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Huang Lab

Bioengineering, Materials Engineering & Biointerface
 

Multi-Organoid Patterning and Fusion (MOrPF)

We have developed an approach, called Multi-Organoid Patterning and Fusion (MOrPF), for ‘up-sizing’ organoids: miniature collections of cells which mimic the behaviour of various organs and are promising tools for the study of human biology and disease. Our approach was used to culture and grow a ‘mini-airway’, the first time that a tube-shaped organoid has been developed without the need for any external support. Using a mould made of a specialised polymer, we were able to guide the size and shape of the mini-airway, grown from adult mouse stem cells, and then remove it from the mould when it reached the point where it could support itself. Whereas the organoids currently used in medical research are at the microscopic scale, the method developed by the Cambridge team could make it possible to grow life-sized versions of organs.

see video

https://www.youtube.com/watch?v=Ngfaq3j-vnk

https://doi.org/10.1002/advs.202003332

Microvessels on a chip

This research area focuses on developing models to recapitulate the microvasculature, and other key microenvironment factors for living cells in a fluidic device. Specifically, we apply our materials approach to study the motility of cancer cells when they interact with a vessel formed by the endothelial cells, to mimic the conditions of cancer invasion. We have also created a glomerulus-on-a-chip, for industry-relevant drug testing of kidney disease.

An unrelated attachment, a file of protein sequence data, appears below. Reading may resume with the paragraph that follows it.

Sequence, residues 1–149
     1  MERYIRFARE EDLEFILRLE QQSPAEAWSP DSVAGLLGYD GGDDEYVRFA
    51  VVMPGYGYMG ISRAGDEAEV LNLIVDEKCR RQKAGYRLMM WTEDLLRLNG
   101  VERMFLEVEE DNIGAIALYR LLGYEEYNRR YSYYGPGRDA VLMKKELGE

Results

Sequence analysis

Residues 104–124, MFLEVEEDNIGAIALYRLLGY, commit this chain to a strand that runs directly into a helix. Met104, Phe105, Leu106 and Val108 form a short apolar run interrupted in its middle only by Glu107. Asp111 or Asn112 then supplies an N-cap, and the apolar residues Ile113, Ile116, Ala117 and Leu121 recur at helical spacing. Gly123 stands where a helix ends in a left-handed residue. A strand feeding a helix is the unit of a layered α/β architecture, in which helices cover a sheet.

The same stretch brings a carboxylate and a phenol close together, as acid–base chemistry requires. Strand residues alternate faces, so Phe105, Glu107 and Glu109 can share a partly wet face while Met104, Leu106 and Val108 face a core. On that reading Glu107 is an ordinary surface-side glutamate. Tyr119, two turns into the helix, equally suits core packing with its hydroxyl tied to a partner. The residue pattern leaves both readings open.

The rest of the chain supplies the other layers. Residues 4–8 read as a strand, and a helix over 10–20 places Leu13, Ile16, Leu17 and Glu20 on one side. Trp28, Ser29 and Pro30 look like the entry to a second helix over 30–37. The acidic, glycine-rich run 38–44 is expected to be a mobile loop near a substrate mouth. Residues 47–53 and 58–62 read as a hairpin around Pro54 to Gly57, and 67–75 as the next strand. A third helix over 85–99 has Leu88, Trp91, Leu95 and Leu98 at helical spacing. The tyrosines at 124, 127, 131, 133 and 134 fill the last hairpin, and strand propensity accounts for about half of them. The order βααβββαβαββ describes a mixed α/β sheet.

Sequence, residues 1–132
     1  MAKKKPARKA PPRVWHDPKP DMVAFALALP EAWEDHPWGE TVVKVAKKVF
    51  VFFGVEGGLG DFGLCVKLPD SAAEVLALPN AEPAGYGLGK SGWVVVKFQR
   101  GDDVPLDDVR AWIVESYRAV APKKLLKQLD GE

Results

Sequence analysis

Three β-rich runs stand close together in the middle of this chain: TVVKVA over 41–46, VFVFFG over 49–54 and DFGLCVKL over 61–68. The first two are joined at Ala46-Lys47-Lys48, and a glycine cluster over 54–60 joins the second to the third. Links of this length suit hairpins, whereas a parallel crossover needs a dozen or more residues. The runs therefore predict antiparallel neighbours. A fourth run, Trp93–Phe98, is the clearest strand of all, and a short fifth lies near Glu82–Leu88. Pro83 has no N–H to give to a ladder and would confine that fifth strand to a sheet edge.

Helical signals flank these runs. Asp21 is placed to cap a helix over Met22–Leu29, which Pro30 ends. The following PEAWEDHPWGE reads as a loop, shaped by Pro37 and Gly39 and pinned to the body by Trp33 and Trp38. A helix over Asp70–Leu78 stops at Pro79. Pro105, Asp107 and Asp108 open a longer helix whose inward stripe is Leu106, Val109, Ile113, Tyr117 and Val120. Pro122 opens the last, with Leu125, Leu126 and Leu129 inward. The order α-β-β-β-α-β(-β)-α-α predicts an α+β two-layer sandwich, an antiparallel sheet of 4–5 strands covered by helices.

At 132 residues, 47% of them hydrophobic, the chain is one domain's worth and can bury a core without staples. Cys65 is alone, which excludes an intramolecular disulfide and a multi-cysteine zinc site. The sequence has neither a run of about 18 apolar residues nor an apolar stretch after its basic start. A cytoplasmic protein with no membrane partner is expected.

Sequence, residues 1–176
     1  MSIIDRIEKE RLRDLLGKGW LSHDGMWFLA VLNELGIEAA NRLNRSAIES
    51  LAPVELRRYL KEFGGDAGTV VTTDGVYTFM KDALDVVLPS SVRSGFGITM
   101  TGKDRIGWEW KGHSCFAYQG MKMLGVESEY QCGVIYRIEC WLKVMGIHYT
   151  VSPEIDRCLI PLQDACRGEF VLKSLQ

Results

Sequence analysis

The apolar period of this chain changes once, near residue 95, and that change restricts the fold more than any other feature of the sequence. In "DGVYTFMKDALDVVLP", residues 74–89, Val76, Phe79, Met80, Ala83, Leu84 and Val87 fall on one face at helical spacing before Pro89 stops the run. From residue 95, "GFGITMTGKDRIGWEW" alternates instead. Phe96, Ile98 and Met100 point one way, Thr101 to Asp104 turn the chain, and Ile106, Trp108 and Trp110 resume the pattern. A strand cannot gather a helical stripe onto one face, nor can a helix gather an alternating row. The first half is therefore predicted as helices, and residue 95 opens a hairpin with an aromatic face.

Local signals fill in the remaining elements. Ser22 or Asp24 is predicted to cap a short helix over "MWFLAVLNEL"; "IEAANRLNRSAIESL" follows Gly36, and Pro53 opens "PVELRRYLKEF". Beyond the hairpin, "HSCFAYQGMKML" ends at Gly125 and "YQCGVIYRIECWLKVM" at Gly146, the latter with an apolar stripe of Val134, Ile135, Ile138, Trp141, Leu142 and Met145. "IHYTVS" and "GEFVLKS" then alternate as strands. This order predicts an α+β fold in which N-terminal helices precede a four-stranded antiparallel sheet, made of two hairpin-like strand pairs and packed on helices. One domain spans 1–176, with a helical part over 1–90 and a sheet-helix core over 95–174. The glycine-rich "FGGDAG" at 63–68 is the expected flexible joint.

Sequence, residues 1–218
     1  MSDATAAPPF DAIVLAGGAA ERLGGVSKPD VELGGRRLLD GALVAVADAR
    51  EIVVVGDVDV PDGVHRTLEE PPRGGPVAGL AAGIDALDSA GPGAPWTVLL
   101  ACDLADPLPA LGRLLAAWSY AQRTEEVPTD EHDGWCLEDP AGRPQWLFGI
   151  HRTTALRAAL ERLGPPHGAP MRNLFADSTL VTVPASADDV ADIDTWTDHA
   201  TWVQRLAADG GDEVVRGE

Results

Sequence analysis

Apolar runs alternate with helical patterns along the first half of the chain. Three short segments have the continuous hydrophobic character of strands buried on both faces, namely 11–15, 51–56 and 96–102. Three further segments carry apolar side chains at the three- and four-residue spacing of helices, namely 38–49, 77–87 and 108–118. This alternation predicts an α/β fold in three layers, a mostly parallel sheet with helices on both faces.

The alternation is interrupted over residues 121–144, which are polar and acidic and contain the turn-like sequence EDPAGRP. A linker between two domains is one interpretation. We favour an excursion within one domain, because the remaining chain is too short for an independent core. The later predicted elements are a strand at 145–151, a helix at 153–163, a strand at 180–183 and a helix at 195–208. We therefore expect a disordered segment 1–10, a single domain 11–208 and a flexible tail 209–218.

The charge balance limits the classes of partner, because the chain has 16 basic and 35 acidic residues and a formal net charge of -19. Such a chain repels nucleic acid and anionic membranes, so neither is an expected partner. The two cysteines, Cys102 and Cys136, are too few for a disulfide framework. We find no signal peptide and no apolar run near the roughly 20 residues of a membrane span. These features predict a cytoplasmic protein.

https://doi.org/10.1038/s41598-018-30776-0

DOI: 10.1039/D1LC00271F 

Deployable bioprinting of compartmental tumoroids with cancer associated fibroblasts for immune cell interactions

Realizing the translational impacts of three-dimensional (3D) bioprinting for cancer research necessitates innovation in bioprinting workflows which integrate affordability, user-friendliness, and biological relevance. Herein, we demonstrate 'BioArm', a simple, yet highly effective extrusion bioprinting platform, which can be folded into a carry-on pack, and rapidly deployed between bio-facilities. BioArm enabled the reconstruction of compartmental tumoroids with cancer-associated fibroblasts (CAFs), forming the shell of each tumoroid. The 3D printed core–shell tumoroids showed de novo synthesized extracellular matrices, and enhanced cellular proliferation compared to the tumour alone 3D printed spheroid culture. Further, the in vivo phenotypes of CAFs normally lost after conventional 2D co-culture re-emerged in the bioprinted model. Embedding the 3D printed tumoroids in an immune cell-laden collagen matrix permitted tracking of the interaction between immune cells and tumoroids, and subsequent simulated immunotherapy treatments. Our deployable extrusion bioprinting workflow could significantly widen the accessibility of 3D bioprinting for replicating multi-compartmental architectures of tumour microenvironment, and for developing strategies in cancer drug testing in the future.

Link to publication: DOI 10.1088/1758-5090/acb1db